Last weekend I headed out to the Harrison River area to look for Bald Eagles with Steve Cole. As was the case last year, it was very cold by our standards and I had to break out my “big” jacket and a down vest to keep warm (it was -10°C at Chilliwack Lake). This year the Fraser Valley Bald Eagle Festival was a few weeks in the past but reports were indicating there were a lot of Bald Eagles still out on the flats near the Harrison River. Reality turned out to be a bit different as we hardly saw any when driving on Highway 7 and up Morris Valley Road through to the Chehalis River. We saw a lot of eagles in 2012 and last year there were still quite a few eagles though the frozen water made it tough for them to get at the salmon. This year, there wasn’t even a few random ones sitting up in the trees. I suspect the roughly 150mm (6″) of rain earlier in the week that flooded the Harrison River’s banks flushed out all the salmon and the eagles moved on. Last year we decided on Silver Lake Provincial Park as a landscape photography backup plan (which taught me a good lesson at the same time). This year I was still hoping to find where the Eagles might have picked as a secondary location and therefore opted for the Chilliwack River Valley through to Chilliwack Lake.

snow on trees over the chilliwack river

Trees along the Chilliwack River

-click to enlarge-

   Unfortunately, I think we saw a total of 2 Bald Eagles at the Chilliwack River Valley and Chilliwack Lake (adding to our grand total of 4 earlier in the day), so clearly they had not congregated there. The water levels in the river were quite high, as were those in the lake. My hopes of recreating some of my earlier photographs of the shoreline patterns at Chilliwack Lake didn’t quite work out as the water level in the lake was several feet higher than it was last fall. Walking down to the bridge over the Chilliwack River did present this scene with some snow on the light coloured branches of these trees (likely Red Alder) overhanging the Chilliwack River. I made a few photographs from the bridge before we headed back to the flooded boat launch area to photograph the sunset on Mount Redoubt. I always enjoy being at Chilliwack Lake and even if the sunset doesn’t do everything one would hope there is usually a nice view of Mount Redoubt and the North Cascades peaks in the area.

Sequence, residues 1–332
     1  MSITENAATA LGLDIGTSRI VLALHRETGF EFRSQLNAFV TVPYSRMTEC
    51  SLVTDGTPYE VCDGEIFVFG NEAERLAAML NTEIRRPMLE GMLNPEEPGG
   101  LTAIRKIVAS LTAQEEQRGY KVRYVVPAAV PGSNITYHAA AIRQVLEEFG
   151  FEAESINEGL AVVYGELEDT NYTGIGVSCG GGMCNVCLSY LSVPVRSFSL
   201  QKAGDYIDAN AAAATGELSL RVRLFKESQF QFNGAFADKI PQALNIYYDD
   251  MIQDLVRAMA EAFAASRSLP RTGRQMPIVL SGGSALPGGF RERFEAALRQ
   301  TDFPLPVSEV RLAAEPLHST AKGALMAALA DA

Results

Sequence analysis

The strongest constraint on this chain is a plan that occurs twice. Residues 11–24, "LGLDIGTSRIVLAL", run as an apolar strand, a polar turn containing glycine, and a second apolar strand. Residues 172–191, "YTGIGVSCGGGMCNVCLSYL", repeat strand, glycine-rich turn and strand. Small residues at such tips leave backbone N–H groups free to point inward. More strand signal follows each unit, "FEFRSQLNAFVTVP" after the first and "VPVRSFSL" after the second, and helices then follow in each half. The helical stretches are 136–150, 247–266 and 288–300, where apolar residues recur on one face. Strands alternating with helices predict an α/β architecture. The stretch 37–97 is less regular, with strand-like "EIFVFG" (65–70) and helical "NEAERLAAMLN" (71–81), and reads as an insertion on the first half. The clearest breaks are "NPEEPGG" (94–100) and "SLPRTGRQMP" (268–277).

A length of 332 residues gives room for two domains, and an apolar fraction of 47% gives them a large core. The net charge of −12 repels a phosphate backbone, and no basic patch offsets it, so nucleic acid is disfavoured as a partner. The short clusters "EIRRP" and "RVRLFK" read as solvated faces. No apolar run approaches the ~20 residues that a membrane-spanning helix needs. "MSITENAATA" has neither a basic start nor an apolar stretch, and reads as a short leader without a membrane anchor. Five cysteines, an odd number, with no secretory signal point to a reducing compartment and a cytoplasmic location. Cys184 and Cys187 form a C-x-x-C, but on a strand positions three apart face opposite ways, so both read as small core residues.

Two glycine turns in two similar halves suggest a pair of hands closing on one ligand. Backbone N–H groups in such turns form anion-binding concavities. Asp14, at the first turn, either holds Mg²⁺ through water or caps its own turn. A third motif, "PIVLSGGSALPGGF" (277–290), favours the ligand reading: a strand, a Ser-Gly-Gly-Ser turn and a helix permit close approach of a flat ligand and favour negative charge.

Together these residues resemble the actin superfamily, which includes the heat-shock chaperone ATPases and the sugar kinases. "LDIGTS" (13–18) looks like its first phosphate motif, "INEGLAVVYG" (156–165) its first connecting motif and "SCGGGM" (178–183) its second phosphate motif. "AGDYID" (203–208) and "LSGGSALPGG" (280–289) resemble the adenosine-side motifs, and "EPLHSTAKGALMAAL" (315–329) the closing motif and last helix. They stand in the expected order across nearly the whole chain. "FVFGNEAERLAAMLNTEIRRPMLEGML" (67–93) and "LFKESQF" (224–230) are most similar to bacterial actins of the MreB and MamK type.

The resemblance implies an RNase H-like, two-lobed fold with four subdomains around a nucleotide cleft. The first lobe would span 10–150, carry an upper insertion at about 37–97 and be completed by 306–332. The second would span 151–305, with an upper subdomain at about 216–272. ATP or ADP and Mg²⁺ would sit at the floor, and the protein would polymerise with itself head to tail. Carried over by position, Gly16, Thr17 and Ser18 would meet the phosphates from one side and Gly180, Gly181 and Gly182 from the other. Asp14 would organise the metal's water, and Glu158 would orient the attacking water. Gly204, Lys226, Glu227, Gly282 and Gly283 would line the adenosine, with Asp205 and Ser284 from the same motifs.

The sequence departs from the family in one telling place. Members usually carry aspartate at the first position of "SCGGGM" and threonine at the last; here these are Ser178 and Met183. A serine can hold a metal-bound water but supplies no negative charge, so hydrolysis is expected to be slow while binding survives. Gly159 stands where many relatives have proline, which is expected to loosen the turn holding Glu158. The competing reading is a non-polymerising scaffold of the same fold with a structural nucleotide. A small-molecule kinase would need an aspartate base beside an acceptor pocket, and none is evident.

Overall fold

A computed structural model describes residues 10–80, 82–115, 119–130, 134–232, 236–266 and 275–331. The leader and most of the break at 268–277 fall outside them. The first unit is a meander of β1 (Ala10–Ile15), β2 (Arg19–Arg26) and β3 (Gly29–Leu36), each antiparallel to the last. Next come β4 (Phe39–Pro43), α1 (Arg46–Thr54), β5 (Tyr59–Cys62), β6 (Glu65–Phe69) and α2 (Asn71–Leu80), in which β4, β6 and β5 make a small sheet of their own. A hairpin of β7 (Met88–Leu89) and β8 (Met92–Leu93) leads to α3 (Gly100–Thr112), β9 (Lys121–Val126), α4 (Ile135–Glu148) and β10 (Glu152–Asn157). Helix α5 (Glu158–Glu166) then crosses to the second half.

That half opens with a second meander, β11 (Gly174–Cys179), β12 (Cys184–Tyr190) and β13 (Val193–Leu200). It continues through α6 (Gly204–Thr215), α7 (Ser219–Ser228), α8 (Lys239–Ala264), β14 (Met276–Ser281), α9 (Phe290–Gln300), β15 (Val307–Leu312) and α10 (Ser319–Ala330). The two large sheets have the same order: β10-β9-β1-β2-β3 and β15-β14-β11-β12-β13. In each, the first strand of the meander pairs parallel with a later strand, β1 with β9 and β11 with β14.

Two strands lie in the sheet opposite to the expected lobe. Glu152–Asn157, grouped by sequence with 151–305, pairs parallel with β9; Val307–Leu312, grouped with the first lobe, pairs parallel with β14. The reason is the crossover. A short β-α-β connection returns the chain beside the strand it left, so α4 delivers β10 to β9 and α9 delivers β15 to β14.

For more of my photographs from this area check out my Chilliwack Provincial Park Gallery in my Image Archive.

Road to Artist Point at Mount Baker

The Mount Baker Highway (SR 542) winds towards Artist Point in the Mount Baker-Snoqualmie National Forest, Washington State, USA

road to artist point in the north cascades

The road to Artist Point

-click to enlarge-

   Having finished photographing the Heather Meadows area back in early October, I headed up the Mount Baker Highway to Artist Point. These three photographs were made from Artist Point, but show the highway (SR 542) on the way up between Heather Meadows and Artist Point.

parking spot near artist point under table mountain north cascades

A scenic parking spot in the North Cascades

-click to enlarge-

   I photographed this small car in this way to not only include some of the late evening light on the rocks above (the lower part of Table Mountain) but also to make it look a bit like a car in the middle of nowhere. The photograph below shows the scene in a bit more context. I think someone had pulled out into that spot for a nap, even when I left after dark they were still in there with the back hatch open.

scenic parking spot near artist point in the north cascades

Scenic parking spot near Artist Point

-click to enlarge-

You can view more of my photography from the North Cascades in my North Cascades Gallery.

Heather Meadows Fall Foliage

   During my recent trip to the Mount Baker-Snoqualmie National Forest in Washington State, I photographed a variety of scenes around Picture Lake, Heather Meadows and Artist Point/Kulshan Ridge. In my previous post I showed a few of the photographs from the Heather Meadows area that included peaks of the North Cascades. In this post I have a few more images of fall foliage colors from Heather Meadows, but these scenes are not as wide in scope and in the case of the first image here (my favourite), a bit abstract.

sky reflection in austin pass lake at heather meadows in the fall

Austin Pass Lake Reflections at Heather Meadows

-click to enlarge-

   I think the above photograph of Austin Pass Lake is my favourite of these four images. I had already photographed a wider view of the the area and then tried to isolate the details at this end of the lake. I liked how the clouds looked a bit like they were flowing from the inlet out into the lake.

mount herman fall reflection in austin pass lake at heather meadows

Mount Herman Reflecting in Austin Pass Lake at Heather Meadows

-click to enlarge-

   A similar angle on Austin Pass Lake to the first photograph but this time with the reflection of Mount Herman.

photographer and fall colour heather meadows

Photographer/Hiker at Heather Meadows

-click to enlarge-

   Can you spot the hiker/photographer in this photograph? I don’t photograph all that many people but when someone stands still in a place like this it is a good way to show the scale of the scene. Reminds me a bit of my photograph of Silver Falls in Mount Rainier National Park where someone standing in the scene really gave an indication of its scale.

terminal lake panroama at heather meadows

Terminal Lake below Table Mountain

-click to enlarge-

   I liked the fall foliage colors in this landscape around Terminal Pass Lake in Heather Meadows (below Table Mountain). Everything here almost seems to be going westward (to the right). The water looks to be flowing into the lake, and the rocks look a bit like they are flowing down the talus slopes. The trail (the Fire and Ice Trail I believe) is leading you in that direction as well.

You can view more of my photography from this and surrounding areas in my Mount Baker-Snoqualmie National Forest Gallery.